The workshop will be of interest to students, environmental/climate scientists and researchers, ecologists, decision-makers, members of government and industry groups, and anyone with a keen interest in conservation and climate impacts. No complex coding/statistical knowledge is required.

 Inclusions: morning tea


An introduction to mixed effects modelling in ecology with R

Friday 2 December 2016, 0900-1630

Participation fee: $50 (inc GST)

Please note: participants are requested to bring their own laptop for this workshop

The workshop is aimed at anyone interested in understanding how, when and why to use mixed effects models to analyse ecological data. ESA delegates would want to participate in this workshop because mixed effects models are appropriate for a wide range of ecological data sets, and yet many people do not yet understand them or use them well. This course will provide a clear introduction to mixed effects modelling with the well-established software package R, using a range of ecological examples.

Content:

Inclusions: morning tea, lunch, afternoon tea

 


COMPASS Training: Communicate the So What of Your Science With the Message Box

Friday 2 December 2016, 1430-1630

Participation fee: nil

Ecologists have crucial insights to share about how and why the world is changing, and yet, much of that knowledge remains locked up in the Ivory Tower, shared only on the pages of scientific journals or at professional conferences. This workshop is aimed at anyone from graduate students/postdocs/early career researchers to more senior ecologists.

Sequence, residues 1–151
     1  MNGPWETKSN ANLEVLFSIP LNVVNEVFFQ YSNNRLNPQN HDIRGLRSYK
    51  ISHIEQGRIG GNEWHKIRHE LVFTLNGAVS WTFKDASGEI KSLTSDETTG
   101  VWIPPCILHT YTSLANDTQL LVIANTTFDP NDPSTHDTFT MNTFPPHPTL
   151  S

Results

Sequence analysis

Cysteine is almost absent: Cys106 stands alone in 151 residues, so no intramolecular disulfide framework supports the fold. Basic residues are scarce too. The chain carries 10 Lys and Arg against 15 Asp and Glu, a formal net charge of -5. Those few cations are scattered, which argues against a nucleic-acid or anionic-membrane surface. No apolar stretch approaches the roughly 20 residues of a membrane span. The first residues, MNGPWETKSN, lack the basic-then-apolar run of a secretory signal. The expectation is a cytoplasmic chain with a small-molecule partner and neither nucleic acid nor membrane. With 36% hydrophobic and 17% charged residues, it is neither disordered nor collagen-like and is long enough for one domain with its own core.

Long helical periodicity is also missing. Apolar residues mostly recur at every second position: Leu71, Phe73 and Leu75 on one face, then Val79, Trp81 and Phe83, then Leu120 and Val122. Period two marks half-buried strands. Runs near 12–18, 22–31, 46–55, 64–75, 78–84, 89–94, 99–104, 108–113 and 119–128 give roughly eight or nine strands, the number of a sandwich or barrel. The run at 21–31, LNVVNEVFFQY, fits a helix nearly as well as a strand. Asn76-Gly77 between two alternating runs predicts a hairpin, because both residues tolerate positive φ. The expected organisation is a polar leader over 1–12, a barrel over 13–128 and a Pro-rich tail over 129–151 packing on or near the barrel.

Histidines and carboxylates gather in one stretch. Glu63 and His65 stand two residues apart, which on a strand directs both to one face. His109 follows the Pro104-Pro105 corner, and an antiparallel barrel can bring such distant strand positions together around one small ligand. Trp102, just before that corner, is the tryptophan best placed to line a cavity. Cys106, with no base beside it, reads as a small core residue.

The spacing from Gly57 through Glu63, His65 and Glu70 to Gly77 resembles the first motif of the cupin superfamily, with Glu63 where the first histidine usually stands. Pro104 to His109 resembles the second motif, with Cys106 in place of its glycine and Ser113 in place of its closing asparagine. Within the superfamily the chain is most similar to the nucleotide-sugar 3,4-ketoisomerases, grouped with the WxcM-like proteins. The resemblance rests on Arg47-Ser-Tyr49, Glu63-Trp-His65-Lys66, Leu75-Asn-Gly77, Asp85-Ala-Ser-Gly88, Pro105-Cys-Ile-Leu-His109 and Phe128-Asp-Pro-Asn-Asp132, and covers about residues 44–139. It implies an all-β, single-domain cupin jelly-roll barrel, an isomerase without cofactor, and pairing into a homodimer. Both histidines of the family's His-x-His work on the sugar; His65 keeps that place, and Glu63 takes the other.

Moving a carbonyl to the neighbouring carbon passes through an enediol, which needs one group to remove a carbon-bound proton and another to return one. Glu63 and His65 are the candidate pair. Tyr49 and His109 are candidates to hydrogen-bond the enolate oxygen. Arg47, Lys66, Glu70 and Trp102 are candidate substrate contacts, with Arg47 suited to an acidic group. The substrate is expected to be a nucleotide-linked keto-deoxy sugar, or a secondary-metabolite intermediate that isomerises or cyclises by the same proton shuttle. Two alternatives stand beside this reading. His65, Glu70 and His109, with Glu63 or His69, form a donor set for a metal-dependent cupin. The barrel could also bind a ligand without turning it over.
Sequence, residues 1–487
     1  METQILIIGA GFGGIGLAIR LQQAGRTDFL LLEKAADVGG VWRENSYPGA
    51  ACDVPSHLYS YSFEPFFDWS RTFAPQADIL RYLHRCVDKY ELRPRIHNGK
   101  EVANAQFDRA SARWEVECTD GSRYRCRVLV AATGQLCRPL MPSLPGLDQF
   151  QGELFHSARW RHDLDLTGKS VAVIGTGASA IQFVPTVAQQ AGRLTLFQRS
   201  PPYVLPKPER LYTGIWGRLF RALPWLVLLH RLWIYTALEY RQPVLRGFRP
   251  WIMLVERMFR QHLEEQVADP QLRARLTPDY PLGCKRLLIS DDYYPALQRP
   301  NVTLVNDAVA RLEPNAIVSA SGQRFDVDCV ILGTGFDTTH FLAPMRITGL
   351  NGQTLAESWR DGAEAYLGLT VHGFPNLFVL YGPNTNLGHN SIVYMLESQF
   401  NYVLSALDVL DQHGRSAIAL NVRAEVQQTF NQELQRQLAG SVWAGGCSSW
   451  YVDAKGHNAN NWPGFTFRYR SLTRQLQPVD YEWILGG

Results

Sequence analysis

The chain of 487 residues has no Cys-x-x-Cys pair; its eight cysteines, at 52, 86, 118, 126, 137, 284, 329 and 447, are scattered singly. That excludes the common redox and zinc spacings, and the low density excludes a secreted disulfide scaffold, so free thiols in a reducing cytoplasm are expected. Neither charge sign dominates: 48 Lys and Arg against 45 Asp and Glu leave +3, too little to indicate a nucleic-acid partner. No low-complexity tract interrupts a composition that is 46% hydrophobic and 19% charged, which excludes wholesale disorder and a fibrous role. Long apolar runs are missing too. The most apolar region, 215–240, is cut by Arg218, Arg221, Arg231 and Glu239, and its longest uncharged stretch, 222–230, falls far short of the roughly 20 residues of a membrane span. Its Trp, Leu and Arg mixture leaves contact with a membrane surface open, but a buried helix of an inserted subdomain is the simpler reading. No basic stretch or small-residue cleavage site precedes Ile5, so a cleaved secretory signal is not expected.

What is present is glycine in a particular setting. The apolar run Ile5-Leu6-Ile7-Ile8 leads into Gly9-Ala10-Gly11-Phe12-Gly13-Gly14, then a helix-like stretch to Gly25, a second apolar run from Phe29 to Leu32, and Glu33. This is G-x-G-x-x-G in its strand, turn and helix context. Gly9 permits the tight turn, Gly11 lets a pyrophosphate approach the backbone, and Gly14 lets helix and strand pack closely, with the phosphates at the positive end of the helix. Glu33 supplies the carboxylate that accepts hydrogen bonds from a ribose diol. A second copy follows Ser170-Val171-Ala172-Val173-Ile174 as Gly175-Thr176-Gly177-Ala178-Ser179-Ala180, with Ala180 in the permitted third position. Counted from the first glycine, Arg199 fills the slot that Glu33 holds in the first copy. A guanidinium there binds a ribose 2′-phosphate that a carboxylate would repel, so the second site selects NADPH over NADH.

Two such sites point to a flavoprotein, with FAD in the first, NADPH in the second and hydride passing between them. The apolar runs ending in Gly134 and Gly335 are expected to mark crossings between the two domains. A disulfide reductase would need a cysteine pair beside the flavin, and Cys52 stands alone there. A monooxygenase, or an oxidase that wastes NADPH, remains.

This hands-on, engaging, highly-interactive workshop will draw from COMPASS’ 15 years of experience training thousands of scientists from around the world to more effectively engage in the public discourse around the environment. We’ll prepare you to communicate what you know and why it matters in clear, lively terms. Geared for everyone from early career scientists to more seasoned researchers, we’ll help you shake bad habits and empower you to engage with the audiences you most want to reach using a deceptively simple tool called the Message Box.

In this workshop, participants will:

  1. Identify the key messages arising from their research
  2. Explore the relevance of their science for a given audience